The hurt of being snubbed by someone who used to be your friend, or being rejected by social groups goes deeper and lasts longer if you’re suffering from untreated depression, according to a study from the University of Michigan. This seems to be adding insult to injury to people who may already be feeling bad about themselves. However, there is a scientific reason to explain this.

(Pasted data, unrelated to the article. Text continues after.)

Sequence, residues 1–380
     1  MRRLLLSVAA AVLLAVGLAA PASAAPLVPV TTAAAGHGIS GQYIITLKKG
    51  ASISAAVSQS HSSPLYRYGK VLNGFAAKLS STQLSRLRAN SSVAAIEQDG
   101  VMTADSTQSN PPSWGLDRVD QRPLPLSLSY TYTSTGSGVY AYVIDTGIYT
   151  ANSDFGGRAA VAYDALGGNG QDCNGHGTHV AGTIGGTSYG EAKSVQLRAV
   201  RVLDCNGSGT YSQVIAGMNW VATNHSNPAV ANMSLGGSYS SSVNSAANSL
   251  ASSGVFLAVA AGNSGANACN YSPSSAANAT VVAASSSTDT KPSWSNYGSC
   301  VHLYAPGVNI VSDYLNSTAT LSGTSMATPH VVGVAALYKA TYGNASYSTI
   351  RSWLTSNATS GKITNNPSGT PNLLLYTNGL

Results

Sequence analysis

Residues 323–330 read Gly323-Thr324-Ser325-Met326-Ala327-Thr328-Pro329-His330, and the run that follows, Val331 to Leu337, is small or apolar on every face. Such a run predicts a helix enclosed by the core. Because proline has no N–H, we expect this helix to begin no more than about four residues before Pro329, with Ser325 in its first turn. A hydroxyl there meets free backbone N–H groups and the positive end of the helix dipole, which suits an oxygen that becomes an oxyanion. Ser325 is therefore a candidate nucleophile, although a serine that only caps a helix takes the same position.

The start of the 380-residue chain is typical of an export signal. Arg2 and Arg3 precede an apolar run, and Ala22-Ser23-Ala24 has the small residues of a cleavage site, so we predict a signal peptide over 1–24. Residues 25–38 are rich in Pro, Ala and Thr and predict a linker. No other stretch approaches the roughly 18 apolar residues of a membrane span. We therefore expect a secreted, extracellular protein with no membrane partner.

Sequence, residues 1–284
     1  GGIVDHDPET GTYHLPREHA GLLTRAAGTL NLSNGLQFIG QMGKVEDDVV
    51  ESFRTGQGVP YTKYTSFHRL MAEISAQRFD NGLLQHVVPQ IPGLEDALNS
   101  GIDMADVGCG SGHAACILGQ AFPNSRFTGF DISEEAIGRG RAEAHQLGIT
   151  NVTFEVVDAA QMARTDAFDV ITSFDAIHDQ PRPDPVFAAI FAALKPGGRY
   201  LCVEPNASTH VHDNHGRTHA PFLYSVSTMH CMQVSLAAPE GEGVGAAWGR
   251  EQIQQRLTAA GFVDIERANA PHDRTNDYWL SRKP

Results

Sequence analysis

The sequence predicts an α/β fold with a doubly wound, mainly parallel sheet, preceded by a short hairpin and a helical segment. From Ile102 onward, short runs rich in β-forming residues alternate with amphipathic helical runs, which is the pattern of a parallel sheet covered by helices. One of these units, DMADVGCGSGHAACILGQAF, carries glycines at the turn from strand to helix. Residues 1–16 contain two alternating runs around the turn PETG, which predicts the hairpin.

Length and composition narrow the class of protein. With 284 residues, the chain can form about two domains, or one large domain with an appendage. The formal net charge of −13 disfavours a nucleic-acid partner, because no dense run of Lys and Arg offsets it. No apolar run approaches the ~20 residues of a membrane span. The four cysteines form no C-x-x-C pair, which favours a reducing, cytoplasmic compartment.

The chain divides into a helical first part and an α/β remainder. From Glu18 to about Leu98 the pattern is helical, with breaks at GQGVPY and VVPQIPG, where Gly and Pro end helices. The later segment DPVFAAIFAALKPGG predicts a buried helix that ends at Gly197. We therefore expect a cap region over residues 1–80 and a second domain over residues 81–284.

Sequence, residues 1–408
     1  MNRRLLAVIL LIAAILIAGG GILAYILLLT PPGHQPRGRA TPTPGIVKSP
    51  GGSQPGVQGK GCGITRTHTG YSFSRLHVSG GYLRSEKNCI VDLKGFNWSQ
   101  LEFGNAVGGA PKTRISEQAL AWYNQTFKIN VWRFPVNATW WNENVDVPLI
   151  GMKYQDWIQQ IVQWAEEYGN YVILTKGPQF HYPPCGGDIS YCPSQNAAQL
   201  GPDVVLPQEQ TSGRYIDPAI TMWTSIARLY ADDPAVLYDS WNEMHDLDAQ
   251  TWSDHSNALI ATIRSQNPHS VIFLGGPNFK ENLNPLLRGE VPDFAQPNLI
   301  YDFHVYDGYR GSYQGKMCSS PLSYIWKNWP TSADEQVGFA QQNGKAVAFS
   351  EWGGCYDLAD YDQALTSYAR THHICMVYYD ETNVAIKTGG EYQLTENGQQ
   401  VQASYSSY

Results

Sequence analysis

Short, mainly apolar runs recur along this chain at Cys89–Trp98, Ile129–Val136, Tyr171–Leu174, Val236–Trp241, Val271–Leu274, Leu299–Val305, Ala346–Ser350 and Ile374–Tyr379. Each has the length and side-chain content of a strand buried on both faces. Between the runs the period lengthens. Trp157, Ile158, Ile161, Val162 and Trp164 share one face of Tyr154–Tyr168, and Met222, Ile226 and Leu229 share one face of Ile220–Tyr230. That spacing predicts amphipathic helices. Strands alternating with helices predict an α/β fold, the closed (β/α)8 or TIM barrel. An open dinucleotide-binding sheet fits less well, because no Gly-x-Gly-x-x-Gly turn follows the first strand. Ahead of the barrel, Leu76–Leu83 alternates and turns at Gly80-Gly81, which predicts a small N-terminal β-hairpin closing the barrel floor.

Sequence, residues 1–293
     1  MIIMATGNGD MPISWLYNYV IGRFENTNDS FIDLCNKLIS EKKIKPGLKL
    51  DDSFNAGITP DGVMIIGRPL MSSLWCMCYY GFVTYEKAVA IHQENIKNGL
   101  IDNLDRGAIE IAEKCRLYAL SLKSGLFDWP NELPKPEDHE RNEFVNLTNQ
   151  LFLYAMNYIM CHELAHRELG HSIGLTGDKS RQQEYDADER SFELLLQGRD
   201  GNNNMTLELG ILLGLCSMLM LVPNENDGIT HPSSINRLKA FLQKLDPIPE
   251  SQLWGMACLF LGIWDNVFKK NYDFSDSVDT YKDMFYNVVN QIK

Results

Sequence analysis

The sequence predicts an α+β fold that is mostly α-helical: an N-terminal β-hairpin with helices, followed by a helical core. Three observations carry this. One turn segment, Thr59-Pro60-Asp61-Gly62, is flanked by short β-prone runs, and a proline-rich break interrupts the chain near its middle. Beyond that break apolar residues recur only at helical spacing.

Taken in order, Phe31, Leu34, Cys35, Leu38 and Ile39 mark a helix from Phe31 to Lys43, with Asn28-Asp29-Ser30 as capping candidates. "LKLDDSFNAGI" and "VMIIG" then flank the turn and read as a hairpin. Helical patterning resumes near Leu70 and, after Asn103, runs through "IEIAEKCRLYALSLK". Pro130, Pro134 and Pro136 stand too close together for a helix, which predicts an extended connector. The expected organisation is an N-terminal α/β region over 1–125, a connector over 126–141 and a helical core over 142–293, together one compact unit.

The researchers tested stress-reducing chemicals (called opioids) in the brains of depressed and non-depressed people in the context of online dating, where likes and rejections often come in equal measures. In short, when depressed people received rejections they found it harder to regulate their emotions, while non-depressed people were able to cope with the social stress and move on without giving it much more thought. When someone liked them back, both depressed and non-depressed people felt an uplift (which the researchers were surprised about, because depression can affect the ability to feel joy). However, the feeling of social acceptance was short-lived in people with depression.